Open, timely, accurate, and respectful communication is a foundation for success in any relationship and is especially important in a distributed team crossing multiple time zones and cultures. At the same time, preserving interruption and distraction-free “maker time” is essential for individual productivity.

This guideline establishes basic recommendations for communication. Its contents are intended to facilitate, not impede, communication, so use your judgment!


The principles of conduct to which MyCo team members employees should aspire when communicating with others are grounded in common standards of professionalism and in our core values. All MyCo-related communication should comply with commonly accepted standards of network etiquette (“netiquette”), including avoidance of spamming, flaming, and sending chain letters and the general guidelines presented in such articles as Internet RFC 1855 and Virginia Shea’s book, Netiquette.


PurposeUrgencySensitivityAudience (Primary)Audience (Secondary)FormatChannelResponse ExpectationResponse Time
Delegate worknormalnormalassigneeanyTask assignmentAsana projectexplicit<1 business day
Clarify or provide updates on delegated worknormalnormalassigneranyComment on taskAsana projectimplicit<1 business day
Schedule meetingnormalanyattendeesN/AMeeting invitatione-mailimplicit<1 business day
Collaborate on work productnormalanyassigneesanyShort-form textGoogle Doc Commentsimplicit<1 business day
Announce informationnormalnormalteam≥ someShort-form or long-form textRelevant Slack channelexplicit<1 business day
Announce informationnormalnormalindividual(s)≤ limitedShort-form or long-form textE-mail to individual(s)explicit<1 business day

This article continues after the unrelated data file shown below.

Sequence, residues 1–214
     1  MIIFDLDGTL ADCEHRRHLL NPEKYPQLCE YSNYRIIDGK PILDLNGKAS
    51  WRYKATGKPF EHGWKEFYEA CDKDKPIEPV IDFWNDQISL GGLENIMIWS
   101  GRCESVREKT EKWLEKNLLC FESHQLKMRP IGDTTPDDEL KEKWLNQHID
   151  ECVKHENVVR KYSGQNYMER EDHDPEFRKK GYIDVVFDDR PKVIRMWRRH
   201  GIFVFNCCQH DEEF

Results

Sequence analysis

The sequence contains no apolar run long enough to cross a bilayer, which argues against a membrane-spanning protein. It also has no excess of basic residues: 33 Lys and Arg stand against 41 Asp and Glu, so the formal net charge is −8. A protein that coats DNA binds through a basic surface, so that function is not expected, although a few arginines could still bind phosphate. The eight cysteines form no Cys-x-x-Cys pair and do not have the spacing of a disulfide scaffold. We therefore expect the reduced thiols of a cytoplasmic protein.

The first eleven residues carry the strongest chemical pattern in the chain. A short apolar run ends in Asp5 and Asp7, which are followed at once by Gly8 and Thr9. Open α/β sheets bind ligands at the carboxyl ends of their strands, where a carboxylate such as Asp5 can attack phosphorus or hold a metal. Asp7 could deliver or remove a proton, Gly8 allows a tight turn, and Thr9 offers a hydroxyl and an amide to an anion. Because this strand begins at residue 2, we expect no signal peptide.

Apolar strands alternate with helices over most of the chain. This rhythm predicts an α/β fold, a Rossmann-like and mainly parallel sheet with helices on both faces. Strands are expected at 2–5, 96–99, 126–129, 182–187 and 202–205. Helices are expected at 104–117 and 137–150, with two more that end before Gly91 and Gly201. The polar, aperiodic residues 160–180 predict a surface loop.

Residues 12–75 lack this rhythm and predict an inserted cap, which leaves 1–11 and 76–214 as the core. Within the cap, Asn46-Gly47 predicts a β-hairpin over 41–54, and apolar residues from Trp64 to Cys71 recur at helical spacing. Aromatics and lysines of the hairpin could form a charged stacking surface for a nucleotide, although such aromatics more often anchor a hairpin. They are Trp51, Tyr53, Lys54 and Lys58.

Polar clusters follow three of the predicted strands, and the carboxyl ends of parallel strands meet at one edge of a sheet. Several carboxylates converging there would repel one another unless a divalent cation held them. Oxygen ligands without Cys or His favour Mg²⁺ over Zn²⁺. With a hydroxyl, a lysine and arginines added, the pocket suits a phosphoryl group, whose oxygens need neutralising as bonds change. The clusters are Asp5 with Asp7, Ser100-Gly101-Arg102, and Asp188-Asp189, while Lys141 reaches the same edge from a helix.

Ask general questionnormalnormalteam≥ someShort-form or long-form textRelevant Slack channelimplicit<1 business day
Ask general questionanysensitiveindividual(s)anyaudio/video conferenceScheduled audio/video callimplicitsynchronous
Solve complex problem jointlyanyanyindividual(s)anyaudio/video conferenceScheduled audio/video callimplicitsynchronous
Make important decisionanyanyanyanyaudio/video conferenceScheduled audio/video callimplicitsynchronous


PurposeWhy is the communication being initiated?
Audience (Primary)To whom is the message directed? Which primary stakeholder(s) must receive it?
Audience (Secondary)To what extent does the message have potential relevance to other stakeholders (inverse of message being considered “noise” by recipients)? None / Limited / Some / Significant
UrgencyHow quickly must the topic of the message be communicated to its primary audience? Low / Normal / Elevated / Critical
SensitivityHow sensitive or confidential are the contents of the message? Are the privacy, legal, or regulatory concerns in sharing it widely? Normal / Sensitive
FormatWhat does the combination of communication Purpose, Audience, Urgency, and Sensitivity suggest about the most appropriate format for communication?
ChannelWhich available channel best suits the communication given the prior factors?
Response ExpectationGiven the Purpose of the message, is a response from the Audience expected?

None: No response from Audience expected or desired.

Explicit: No response from Audience expected unless explicitly called for in the message.

Implicit: Response from Audience implicitly expected in messages of this kind.

Response TimeIf a response is expected, how quickly should the Audience reply so as to not be considered “tardy”? (Business day understood as working hours/days of audience.)


  • Dates: We are an international team with differing local date conventions. When specifying dates to other team members in writing, prefer ISO 8601 format.
  • Times: We are distributed team crossing multiple time zones. When specifying times to other team members, always include the timezone. Prefer 24-hour time notation. If not using 24-hour time, always specify AM/PM.

How are you taming virtual team communication?
Tag TaskTrain on LinkedIn, Facebook, Instagram, or Twitter to let us know!